Feeling self-conscious, struggling to translate your thoughts into words, or just not being able to write consistently. If you’re a writer, you’ll be familiar with all of these issues.
The craft of writing is something we shape and hone over a long period of time. Often, the enormity of this task causes us to shudder. “How can I get to that level?” is what we often ask ourselves when reading the work of greats such as F. Scott Fitzgerald and James Joyce.
While it’s incredibly difficult to hit such heights, striving to reach them is a noble task and gives us the potential to create great things.
Taking inspiration from the work of master thinkers can provide writing help to take us to the next level. Often, their musings can be applied to our writing in order to make it more thoughtful, more challenging, or simply better-written.
Take Bertrand Russell, for example: a British philosopher with an unconventional outlook on life. Growing up in Victorian England in the late 19th century, society was firmly entrenched in old-fashioned ideas of class and religion.
But the young Russell rebelled against such notions.
Like a plant turning toward the sun, he aspired for the light of knowledge and understanding the world around him, free from the societal norms of the time. It led him to a lifetime of learning and to a mind like a treasure trove of wisdom.
This fantastic mind is still with us today in the form of more than 60 books (and over 2,000 articles) in which he covers a wide range of topics, from Western philosophy to mathematics to modern languages. In this wealth of material, there is an abundance of knowledge which we can make use of to become better writers.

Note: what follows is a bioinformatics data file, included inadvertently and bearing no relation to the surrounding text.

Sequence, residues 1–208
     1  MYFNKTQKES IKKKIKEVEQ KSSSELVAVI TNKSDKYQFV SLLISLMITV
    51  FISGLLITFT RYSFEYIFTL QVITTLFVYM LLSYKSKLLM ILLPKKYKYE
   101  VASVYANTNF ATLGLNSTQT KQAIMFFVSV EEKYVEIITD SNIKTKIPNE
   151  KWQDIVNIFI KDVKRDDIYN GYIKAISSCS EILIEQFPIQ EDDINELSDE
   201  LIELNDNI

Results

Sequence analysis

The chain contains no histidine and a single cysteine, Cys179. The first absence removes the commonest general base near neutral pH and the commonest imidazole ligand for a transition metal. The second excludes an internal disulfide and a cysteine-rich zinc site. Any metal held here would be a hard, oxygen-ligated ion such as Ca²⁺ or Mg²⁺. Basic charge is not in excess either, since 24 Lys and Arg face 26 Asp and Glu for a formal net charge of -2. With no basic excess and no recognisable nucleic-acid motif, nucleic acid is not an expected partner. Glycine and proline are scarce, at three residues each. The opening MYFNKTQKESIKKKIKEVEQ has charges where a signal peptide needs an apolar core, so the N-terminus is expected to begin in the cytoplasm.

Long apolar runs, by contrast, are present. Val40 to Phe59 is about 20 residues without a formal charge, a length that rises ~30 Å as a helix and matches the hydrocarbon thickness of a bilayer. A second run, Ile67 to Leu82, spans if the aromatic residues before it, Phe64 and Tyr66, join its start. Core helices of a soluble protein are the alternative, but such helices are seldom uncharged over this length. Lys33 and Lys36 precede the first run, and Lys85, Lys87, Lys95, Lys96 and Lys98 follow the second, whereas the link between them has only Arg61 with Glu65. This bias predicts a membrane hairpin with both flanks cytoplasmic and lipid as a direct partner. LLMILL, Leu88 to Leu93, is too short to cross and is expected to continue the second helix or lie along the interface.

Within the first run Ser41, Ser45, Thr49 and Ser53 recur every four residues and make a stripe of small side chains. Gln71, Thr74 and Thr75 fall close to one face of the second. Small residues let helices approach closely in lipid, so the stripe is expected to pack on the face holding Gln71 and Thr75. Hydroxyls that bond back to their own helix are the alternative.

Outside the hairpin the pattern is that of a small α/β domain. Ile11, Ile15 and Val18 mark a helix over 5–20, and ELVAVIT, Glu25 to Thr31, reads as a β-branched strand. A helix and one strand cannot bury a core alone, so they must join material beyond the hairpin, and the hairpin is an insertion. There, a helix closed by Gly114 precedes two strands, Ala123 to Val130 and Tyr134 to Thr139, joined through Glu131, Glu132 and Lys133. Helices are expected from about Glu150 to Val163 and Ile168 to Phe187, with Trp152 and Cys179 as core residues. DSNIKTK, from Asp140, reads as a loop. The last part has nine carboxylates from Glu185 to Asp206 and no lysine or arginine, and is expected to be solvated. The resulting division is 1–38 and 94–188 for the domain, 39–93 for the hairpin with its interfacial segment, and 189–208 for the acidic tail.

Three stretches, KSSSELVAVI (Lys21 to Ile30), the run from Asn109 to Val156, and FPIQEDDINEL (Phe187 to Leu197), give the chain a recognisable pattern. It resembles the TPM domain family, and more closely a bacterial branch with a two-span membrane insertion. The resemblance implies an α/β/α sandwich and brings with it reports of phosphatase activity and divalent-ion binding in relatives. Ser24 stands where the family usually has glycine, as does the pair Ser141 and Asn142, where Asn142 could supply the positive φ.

So, if you’re looking for that jolt of inspiration to resolve your writing issues, take heed of Russell’s pearls of wisdom to help you climb the literary ladder.
“Do not fear to be eccentric in opinion, for every opinion now accepted was once eccentric.’’— The Autobiography of Bertrand Russell(1951)
Most of what we think and write comes from the society we’re part of. Societal constraints lie heavy on our words, pushing us into pigeon-holes and repressing our true feelings. As writers, we often struggle to express radical or even taboo ideas for fear of being ridiculed.
Bertrand Russell was a true eccentric of his time. Imagine being a pacifist when Europe was fighting two world wars (he was even imprisoned for it); being an anti-imperialist at the height of the British Empire; or openly supporting gay rights 40 years before the UK repealed its ban on homosexuality.
By saying these words, Russell wants us to recognise that holding unconventional views is fine; it might just mean you’re the first person to come up with a certain idea. However, it could upset people who are not prepared to accept it into their own worldview.
Russell often cited the words of his friend Albert Einstein, which support this point.
“Great spirits have always encountered violent opposition from mediocre minds.”
Einstein himself was famously unconventional in his thinking and often clashed with powerful figures of his day. These two great minds had strong views and were not afraid to voice them out loud, even if there were dangers attached.
The bottom line: Writers are often considered great because they were visionaries; they saw things long before the average person did. Strive to be one of those writers. Challenge the status quo.
“The fundamental cause of all trouble is that in the modern world the stupid are cocksure while the intelligent are full of doubt.”— Mortals and Others (1996)
The loudest voices are often the ones that get heard. But arrogance isn’t a sign of wisdom, as several modern-day examples prove.